Could PTSD caregivers be inflicting secondary wounds?

Could PTSD caregivers be inflicting secondary wounds?

May 6, 2011 ~ Secondary Wounding occurs during the “healing process”.  Some of the treatments currently available for PTSD are doing more harm than good.  There are still a lot of unknowns when it comes to understanding PTSD, therefore we must be carefully consider treatment options. Improper treatment can lead to further problems with devastating results.

When nothing seems to be going right, treatments, programs, and health care providers may be the first place we will point our fingers of blame, but we need to realize that if we don’t have a good understanding of PTSD, we ourselves, the family members and caregivers, could be inflicting the secondary wounds onto our PTSD survivor. It is crucial that you gain an understanding of Secondary Wounding. It could make the difference between having a relationship with your traumatized veteran.

Because PTSD is considered an “invisible wound”, it is often impossible for others to recognize one is struggling with this condition.  Cruelty and harm can often begin right in the family.  Even friends and trained professionals can create a bigger problem for the affected individual.  Instead of providing support, a typical response from those of us around the trauma survivor may be one that causes shame.  Negative reactions to behaviors characteristic of PTSD are common and most of us will react in a way that is hurting rather than helping with recovery.

Our combat veterans are expected to be strong, invincible, macho, and without fear.  For this reason, it takes an incredible amount of courage for the veteran to tell someone else that they are experiencing difficulties.  Often trauma survivors will go for long periods of time suffering alone for fear that they will be judged unfairly. It may start with their commanding officers who may  dismiss the complaint and respond with an attitude that leaves the soldier feeling inadequate.  “Get over it and get back to work.”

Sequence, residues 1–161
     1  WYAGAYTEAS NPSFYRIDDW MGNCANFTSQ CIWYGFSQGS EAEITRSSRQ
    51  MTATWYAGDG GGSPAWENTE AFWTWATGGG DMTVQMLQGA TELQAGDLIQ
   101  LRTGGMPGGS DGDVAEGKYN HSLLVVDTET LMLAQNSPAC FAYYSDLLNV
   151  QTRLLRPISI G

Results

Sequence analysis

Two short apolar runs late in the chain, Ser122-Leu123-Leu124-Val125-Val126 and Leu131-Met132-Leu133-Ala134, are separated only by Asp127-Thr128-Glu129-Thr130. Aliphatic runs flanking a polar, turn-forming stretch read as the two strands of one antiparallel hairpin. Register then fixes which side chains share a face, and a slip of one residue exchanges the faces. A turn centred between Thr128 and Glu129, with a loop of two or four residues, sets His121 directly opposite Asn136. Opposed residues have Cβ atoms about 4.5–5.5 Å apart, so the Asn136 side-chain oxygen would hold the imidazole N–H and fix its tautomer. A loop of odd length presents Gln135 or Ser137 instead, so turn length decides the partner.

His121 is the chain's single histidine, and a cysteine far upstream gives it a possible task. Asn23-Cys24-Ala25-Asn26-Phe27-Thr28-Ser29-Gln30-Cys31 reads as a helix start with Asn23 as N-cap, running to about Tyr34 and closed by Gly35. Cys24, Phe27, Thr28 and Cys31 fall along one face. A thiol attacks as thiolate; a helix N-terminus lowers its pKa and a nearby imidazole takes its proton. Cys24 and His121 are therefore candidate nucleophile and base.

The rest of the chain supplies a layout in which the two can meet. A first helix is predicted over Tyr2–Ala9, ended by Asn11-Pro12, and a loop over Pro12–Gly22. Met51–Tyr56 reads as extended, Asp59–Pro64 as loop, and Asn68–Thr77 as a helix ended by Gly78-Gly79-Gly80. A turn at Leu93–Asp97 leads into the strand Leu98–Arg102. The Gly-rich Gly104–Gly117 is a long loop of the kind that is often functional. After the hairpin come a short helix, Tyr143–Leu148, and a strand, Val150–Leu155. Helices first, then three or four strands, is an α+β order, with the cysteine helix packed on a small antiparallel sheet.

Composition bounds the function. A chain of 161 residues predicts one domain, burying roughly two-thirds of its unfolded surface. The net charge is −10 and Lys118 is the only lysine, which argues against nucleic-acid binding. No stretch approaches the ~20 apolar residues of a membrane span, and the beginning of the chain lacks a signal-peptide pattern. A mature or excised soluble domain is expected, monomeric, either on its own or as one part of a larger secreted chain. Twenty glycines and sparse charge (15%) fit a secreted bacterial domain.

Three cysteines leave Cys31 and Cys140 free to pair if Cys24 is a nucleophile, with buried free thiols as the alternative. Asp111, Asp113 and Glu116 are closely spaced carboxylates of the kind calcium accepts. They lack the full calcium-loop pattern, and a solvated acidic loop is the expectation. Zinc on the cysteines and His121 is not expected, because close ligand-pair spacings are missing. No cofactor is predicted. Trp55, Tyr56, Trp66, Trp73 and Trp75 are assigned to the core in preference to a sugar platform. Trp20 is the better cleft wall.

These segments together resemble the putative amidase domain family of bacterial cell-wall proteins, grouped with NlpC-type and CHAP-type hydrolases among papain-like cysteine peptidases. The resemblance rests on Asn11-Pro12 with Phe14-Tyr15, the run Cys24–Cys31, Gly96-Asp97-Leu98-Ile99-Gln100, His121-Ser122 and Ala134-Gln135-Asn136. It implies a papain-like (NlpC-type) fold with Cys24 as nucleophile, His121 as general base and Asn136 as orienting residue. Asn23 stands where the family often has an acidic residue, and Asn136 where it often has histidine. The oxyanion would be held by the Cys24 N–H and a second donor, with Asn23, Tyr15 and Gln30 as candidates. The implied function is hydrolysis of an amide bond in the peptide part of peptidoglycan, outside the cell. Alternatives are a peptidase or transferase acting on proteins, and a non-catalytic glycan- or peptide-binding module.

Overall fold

Don’t be surprised if you don’t see your name written next to one of these descriptions.  If you do, don’t beat yourself up.  Just be grateful you now understand that you need to make a few changes.  I can honestly say that it has been very difficult for me to change my behavior, my attitude, and my perspective, but it has made a difference in the relationship I am rebuilding with my combat veteran.

Author Aphrodite Matsakis, Ph.D. has written I Can’t Get Over It – A Handbook for Trauma Survivors. In her book, she explains Secondary Wounding.  I have used some excerpts from her book to help you to understand the significance of Secondary Wounding.

Helping A Loved One Through PTSD

Secondary wounding occurs when the people, the institutions, caregivers, and others to whom the survivor turns for emotional, legal, financial, medical, or other assistance respond in one of the following ways:


Commonly, people will deny or disbelieve the trauma survivor’s account of the trauma. Or they will minimize or discount the magnitude of the event(s), its meaning to the victim, its impact on the victim s life.

Blaming the Victim:

On some level, people may blame the victim for the traumatic event, thereby increasing the victim’s sense of self-blame and low self-esteem.


Stigmatization occurs when others judge the victim negatively for normal reactions to the traumatic event or for any long-term symptoms he or she may suffer. These judgments can take the following forms:

Ridicule of, or condescension toward, the survivor

Misinterpretation of the survivor’s psychological distress, as a sign of deep psychological problems or moral or mental deficiency or otherwise giving the survivor’s PTSD symptoms negative labels.

An implication or outright statement that the survivor’s symptoms reflect his or her desire for financial gain, attention, or unwarranted sympathy.